1. Neuroscience
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Dendritic spikes in hippocampal granule cells are necessary for long-term potentiation at the perforant path synapse

  1. Sooyun Kim  Is a corresponding author
  2. Yoonsub Kim
  3. Suk-Ho Lee
  4. Won-Kyung Ho  Is a corresponding author
  1. Seoul National University College of Medicine, Korea (South), Republic of
Research Article
  • Cited 3
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Cite this article as: eLife 2018;7:e35269 doi: 10.7554/eLife.35269

Abstract

Long-term potentiation (LTP) of synaptic responses is essential for hippocampal memory function. Perforant-path (PP) synapses on hippocampal granule cells (GCs) contribute to the formation of associative memories, which are considered the cellular correlates of memory engrams. However, the mechanisms of LTP at these synapses are not well understood. Due to sparse firing activity and the voltage attenuation in their dendrites, it remains unclear how associative LTP at distal synapses occurs. Here we show that NMDA receptor-dependent LTP can be induced at PP-GC synapses without backpropagating action potentials (bAPs) in acute rat brain slices. Dendritic recordings reveal substantial attenuation of bAPs as well as local dendritic Na+ spike generation during PP-GC input. Inhibition of dendritic Na+ spikes impairs LTP induction at PP-GC synapse. These data suggest that dendritic spikes may constitute a key cellular mechanism for memory formation in the dentate gyrus.

Article and author information

Author details

  1. Sooyun Kim

    Department of Physiology, Seoul National University College of Medicine, Seoul, Korea (South), Republic of
    For correspondence
    sooyun.kim@snu.ac.kr
    Competing interests
    The authors declare that no competing interests exist.
    ORCID icon "This ORCID iD identifies the author of this article:" 0000-0002-2035-3247
  2. Yoonsub Kim

    Department of Physiology, Seoul National University College of Medicine, Seoul, Korea (South), Republic of
    Competing interests
    The authors declare that no competing interests exist.
  3. Suk-Ho Lee

    Department of Physiology, Seoul National University College of Medicine, Seoul, Korea (South), Republic of
    Competing interests
    The authors declare that no competing interests exist.
  4. Won-Kyung Ho

    Department of Physiology, Seoul National University College of Medicine, Seoul, Korea (South), Republic of
    For correspondence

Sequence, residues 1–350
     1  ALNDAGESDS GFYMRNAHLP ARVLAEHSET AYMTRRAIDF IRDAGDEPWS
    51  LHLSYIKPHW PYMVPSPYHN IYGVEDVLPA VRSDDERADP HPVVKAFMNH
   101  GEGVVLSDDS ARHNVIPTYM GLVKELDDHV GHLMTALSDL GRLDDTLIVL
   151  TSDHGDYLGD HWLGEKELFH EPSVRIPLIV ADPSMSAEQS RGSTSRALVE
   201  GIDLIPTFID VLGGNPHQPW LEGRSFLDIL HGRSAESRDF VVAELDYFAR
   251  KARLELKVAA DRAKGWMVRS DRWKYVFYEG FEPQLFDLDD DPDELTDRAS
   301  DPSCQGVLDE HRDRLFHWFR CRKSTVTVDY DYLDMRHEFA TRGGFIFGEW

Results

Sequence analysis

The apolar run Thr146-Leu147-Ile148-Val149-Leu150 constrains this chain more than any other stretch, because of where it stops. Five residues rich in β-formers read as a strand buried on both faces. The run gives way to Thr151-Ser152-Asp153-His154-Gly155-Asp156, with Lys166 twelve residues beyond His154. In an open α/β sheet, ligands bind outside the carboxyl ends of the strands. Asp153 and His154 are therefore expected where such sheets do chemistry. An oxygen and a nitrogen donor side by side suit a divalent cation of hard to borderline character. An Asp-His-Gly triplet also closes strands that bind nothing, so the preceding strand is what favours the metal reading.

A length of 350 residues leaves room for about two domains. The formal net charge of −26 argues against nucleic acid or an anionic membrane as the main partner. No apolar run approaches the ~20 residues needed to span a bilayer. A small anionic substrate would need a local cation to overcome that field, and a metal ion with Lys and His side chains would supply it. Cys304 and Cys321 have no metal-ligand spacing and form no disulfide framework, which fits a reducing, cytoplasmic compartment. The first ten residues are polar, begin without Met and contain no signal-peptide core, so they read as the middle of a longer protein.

wonkyung@snu.ac.kr
    Competing interests
    The authors declare that no competing interests exist.
    ORCID icon "This ORCID iD identifies the author of this article:" 0000-0003-1568-1710

Funding

National Research Foundation of Korea (NRF-619 2015R1C1A1A02037776)

  • Sooyun Kim

Ministry of Education (Brain Korea 21 PLUS Program)

  • Sooyun Kim

National Research Foundation of Korea (NRF-2010-0027941)

  • Won-Kyung Ho

The funders had no role in study design, data collection and interpretation, or the decision to submit the work for publication.

Ethics

Animal experimentation: This study was performed in strict accordance with the recommendations in the Guide for the Care and Use of Laboratory Animals of the Seoul National University. All of the animals were handled according to approved institutional animal care and use committee (IACUC) of the Seoul National University. The protocol (Approval #: SNU-090115-7) was approved by the Committee on the Ethics of Animal Experiments of the Seoul National University. Animals were anesthetized by inhalation of 5% isoflurane before sacrifice, and every effort was made to minimize suffering.

Reviewing Editor

  1. John Huguenard, Stanford University School of Medicine, United States

Publication history

  1. Received: January 21, 2018
  2. Accepted: March 25, 2018
  3. Accepted Manuscript published: March 26, 2018 (version 1)
  4. Version of Record published: April 9, 2018 (version 2)

Copyright

© 2018, Kim et al.

This article is distributed under the terms of the Creative Commons Attribution License permitting unrestricted use and redistribution provided that the original author and source are credited.

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